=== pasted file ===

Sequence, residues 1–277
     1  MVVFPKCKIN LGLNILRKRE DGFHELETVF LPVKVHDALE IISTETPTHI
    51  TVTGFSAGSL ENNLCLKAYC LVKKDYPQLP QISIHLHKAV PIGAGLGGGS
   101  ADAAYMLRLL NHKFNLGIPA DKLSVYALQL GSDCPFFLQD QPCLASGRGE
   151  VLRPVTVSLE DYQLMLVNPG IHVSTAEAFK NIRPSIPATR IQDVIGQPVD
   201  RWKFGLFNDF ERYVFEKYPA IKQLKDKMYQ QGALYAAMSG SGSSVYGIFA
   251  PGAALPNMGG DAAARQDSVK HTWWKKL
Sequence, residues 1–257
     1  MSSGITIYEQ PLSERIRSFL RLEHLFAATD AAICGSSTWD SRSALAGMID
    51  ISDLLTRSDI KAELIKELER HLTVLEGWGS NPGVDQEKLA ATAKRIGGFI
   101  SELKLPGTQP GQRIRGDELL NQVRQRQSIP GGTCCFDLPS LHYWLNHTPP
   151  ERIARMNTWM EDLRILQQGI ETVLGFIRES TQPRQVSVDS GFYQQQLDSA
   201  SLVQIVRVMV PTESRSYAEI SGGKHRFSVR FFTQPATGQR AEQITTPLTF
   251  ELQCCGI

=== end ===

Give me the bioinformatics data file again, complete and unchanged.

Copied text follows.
Sequence, residues 1–277
     1  MVVFPKCKIN LGLNILRKRE DGFHELETVF LPVKVHDALE IISTETPTHI
    51  TVTGFSAGSL ENNLCLKAYC LVKKDYPQLP QISIHLHKAV PIGAGLGGGS
   101  ADAAYMLRLL NHKFNLGIPA DKLSVYALQL GSDCPFFLQD QPCLASGRGE
   151  VLRPVTVSLE DYQLMLVNPG IHVSTAEAFK NIRPSIPATR IQDVIGQPVD
   201  RWKFGLFNDF ERYVFEKYPA IKQLKDKMYQ QGALYAAMSG SGSSVYGIFA
   251  PGAALPNMGG DAAARQDSVK HTWWKKL
Sequence, residues 1–257
     1  MSSGITIYEQ PLSERIRSFL RLEHLFAATD AAICGSSTWD SRSALAGMID
    51  ISDLLTRSDI KAELIKELER HLTVLEGWGS NPGVDQEKLA ATAKRIGGFI
   101  SELKLPGTQP GQRIRGDELL NQVRQRQSIP GGTCCFDLPS LHYWLNHTPP
   151  ERIARMNTWM EDLRILQQGI ETVLGFIRES TQPRQVSVDS GFYQQQLDSA
   201  SLVQIVRVMV PTESRSYAEI SGGKHRFSVR FFTQPATGQR AEQITTPLTF
   251  ELQCCGI